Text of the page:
BROOKE GLADSTONE: I'm Brooke Gladstone. Last Saturday morning, the shuttle Columbia was destroyed, but if you were listening to one of a thousand automated stations programmed with a variety of formats, you might never have known.
ROGER WIGGS: "I called both my brother-in-law and sister and told them about the shuttle, they hadn't heard about it yet."
BROOKE GLADSTONE: "Were they listening to the radio?"
ROGER WIGGS: "Yeah, they were listening to a country station."
BROOKE GLADSTONE: For Roger Wiggs, a former radio anchor and program director turned ad consultant who lives in Raleigh, North Carolina, that call capped a morning of frustration. He woke up last Saturday to his usual station, WRAL-FM, owned by Capital Broadcasting, playing what's called a hot adult contemporary format.
ROGER WIGGS: "I get out of the shower and the young lady comes on after one of their three in a row and says stay tuned and we'll be telling you more about the shuttle disaster shortly, well that piqued my interest, I turned the radio up after two or three more songs stay with us, we'll have more on that terrible shuttle disaster shortly. This is ridiculous…so then I started punching around the dial."
BROOKE GLADSTONE: As he punched through Raleigh/Durham's top ten radio stations, he found soft rock, hip-hop, 'best of' shows, almost none of it live or local. The market's only news talk station, WPTF-AM, had the story. But Wiggs ended up tethered to his cable TV for the news. He emailed his disappointment to a chat room for radio professionals called Nettalk. At radio stations everywhere, he lamented, "the computers were 'playing hits all the time' as the nation mourned the loss of the Columbia. It would have worked out better for millions of Americans if we could have followed this important story live on radio."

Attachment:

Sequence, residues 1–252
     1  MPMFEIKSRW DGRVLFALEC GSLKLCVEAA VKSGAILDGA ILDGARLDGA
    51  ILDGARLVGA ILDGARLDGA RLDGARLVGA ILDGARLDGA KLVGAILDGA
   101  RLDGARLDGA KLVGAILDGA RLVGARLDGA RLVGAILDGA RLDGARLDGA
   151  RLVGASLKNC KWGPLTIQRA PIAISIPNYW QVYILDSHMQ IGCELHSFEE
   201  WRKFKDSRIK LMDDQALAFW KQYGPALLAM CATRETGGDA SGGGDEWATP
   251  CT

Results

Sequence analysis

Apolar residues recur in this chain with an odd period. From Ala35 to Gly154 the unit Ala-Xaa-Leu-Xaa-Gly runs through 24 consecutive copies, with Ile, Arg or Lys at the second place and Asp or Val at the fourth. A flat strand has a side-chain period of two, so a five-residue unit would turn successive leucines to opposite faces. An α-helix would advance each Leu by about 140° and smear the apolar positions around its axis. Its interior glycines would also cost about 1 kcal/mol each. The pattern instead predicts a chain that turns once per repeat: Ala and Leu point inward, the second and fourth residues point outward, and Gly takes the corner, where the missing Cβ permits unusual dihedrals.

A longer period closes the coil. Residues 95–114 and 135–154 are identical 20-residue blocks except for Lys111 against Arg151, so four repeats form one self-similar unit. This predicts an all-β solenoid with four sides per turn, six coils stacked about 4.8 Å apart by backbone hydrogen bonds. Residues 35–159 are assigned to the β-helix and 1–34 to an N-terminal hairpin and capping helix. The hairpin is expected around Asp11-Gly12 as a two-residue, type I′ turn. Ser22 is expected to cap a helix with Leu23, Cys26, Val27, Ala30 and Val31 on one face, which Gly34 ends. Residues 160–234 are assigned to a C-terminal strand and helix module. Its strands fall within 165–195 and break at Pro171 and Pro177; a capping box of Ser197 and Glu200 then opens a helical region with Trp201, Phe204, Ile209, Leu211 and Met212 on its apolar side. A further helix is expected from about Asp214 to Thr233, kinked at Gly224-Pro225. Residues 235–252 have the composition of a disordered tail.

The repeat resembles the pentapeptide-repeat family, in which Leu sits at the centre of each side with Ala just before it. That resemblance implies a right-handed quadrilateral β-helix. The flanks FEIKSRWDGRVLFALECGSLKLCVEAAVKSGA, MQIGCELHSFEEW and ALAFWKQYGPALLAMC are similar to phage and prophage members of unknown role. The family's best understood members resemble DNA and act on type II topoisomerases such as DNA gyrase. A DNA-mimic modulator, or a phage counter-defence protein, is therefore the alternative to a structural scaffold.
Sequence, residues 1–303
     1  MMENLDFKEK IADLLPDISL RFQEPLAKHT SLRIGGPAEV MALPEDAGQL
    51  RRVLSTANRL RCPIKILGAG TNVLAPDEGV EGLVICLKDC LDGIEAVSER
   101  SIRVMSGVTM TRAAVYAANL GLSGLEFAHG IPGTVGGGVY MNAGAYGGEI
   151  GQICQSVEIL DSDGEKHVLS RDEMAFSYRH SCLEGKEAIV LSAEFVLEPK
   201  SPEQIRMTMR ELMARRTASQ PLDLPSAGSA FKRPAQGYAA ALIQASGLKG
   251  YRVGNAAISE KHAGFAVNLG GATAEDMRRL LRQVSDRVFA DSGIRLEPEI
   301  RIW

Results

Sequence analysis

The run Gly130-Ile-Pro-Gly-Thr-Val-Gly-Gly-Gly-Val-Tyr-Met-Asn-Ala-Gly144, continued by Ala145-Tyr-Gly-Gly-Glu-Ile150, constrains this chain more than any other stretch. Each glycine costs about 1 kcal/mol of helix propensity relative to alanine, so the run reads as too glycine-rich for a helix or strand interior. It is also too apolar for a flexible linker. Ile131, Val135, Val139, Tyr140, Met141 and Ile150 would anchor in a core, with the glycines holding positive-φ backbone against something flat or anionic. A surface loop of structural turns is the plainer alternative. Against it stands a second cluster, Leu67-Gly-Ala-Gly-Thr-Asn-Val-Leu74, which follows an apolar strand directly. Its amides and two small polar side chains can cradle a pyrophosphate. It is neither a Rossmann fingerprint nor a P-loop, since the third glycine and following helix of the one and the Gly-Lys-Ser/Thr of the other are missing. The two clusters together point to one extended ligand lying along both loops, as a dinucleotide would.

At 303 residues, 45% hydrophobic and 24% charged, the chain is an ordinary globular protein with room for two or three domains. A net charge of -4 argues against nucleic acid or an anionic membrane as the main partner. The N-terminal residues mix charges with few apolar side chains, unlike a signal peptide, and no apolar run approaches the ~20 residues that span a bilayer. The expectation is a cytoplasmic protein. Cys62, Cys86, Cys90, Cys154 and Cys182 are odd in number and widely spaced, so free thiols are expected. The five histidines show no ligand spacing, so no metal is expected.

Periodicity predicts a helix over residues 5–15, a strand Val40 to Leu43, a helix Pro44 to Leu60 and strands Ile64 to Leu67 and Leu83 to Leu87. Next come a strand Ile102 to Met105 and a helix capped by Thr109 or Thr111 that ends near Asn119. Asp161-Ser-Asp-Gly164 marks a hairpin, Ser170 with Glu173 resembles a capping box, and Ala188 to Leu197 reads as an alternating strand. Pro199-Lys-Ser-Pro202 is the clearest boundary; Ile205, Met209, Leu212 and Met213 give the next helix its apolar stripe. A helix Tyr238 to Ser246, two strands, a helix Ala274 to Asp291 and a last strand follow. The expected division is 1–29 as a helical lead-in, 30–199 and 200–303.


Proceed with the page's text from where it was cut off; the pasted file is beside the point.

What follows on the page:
ROGER WIGGS: "They are all run by computers now, and the shows are all voice tracked or off the bird the satellite… nobody is in the building."
BROOKE GLADSTONE: Increasingly stations are programmed with syndicated shows taken straight off the satellite. Others are voice-tracked - that is, an announcer either in the station or far away, announces the times as slated for airplay, plugs in the local weather, sets up the songs, and it sounds live. The illusion works wonders on an ordinary day. Of course, some days are not ordinary.
BOBBY RIVERS: "War does not necessarily happen Monday thru Friday 9-5."
BROOKE GLADSTONE: Bobby Rivers writes a news letter called the "Rivers Radio Report" for some 15-hundred clients in the radio business. I asked him what the general feeling was in commercial Radioland after the shuttle disaster.
BOBBY RIVERS: "The oldsters as I call some of us were ashamed, I heard that quote several times, "I am ashamed to be in radio. You have to serve the community that is one of the dictates of the federal communications, however today, there are lobbyists who are lobbying for mega-ownership and this mega ownership results in sometimes the inability to serve the community as it should be."